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Richard Morrison, The Times November 12th 2008

A curious review of Simon Foxell’s Mapping England in the Times earlier this week; it took about half the piece to actually come round to the book ...............”
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The Map Room November 15th 2008

The wildcard award goes to Simon Foxell's Mapping England (Black Dog, £40): maps of the British Isles going back 450 years. Try looking at the 1940 German board game based on air battles for England without shuddering.
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Lucy Davies, The Telegraph, December 1st 2008

Critic’s Choice: Mapping England offers an appreciation of maps that surpass utility
A mid 19th-century map of Leeds, tinted to highlight unsanitary areas of the city is just one of 150 or so elevations in Simon Foxell’s Mapping England .............”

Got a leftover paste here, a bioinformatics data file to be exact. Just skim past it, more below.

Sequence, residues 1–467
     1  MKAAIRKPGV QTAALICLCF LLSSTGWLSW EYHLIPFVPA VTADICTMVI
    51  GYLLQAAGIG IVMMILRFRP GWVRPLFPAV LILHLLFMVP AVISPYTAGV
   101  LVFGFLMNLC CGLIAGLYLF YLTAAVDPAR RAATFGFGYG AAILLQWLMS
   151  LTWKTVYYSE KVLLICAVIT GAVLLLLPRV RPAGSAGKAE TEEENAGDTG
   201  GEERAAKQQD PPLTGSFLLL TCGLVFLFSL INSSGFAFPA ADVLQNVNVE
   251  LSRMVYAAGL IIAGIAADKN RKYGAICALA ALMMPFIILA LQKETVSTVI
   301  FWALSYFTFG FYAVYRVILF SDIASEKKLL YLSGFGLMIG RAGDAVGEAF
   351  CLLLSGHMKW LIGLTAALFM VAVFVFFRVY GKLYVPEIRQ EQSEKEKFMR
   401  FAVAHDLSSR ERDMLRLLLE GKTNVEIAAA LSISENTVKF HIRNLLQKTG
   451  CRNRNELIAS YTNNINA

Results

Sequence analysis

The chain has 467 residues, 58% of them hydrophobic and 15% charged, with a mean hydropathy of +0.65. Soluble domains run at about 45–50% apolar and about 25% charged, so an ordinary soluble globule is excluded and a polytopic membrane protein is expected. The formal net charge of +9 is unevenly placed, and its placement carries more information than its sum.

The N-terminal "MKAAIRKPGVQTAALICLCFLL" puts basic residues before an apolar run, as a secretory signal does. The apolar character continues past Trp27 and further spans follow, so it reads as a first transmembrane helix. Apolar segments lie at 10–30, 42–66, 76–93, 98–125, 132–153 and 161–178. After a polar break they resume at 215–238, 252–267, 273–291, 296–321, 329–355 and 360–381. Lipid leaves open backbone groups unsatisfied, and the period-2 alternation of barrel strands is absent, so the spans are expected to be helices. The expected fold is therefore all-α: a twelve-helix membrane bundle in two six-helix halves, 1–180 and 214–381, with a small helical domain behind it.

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Andrew Mead, The Architect’s Journal, December 11th 2008

Mapping England is the follow-up to the hugely successful Mapping London: Making Sense of the City. Simon Foxell turns his attention to the country as a whole; a beautiful cartographic journey through maps from the origins of cartography right up to present day with ancient hand-drawn maps to the latest technology in computer generation/3-D modelling .............”
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Maplines, Winter 2008, The British Cartographical Society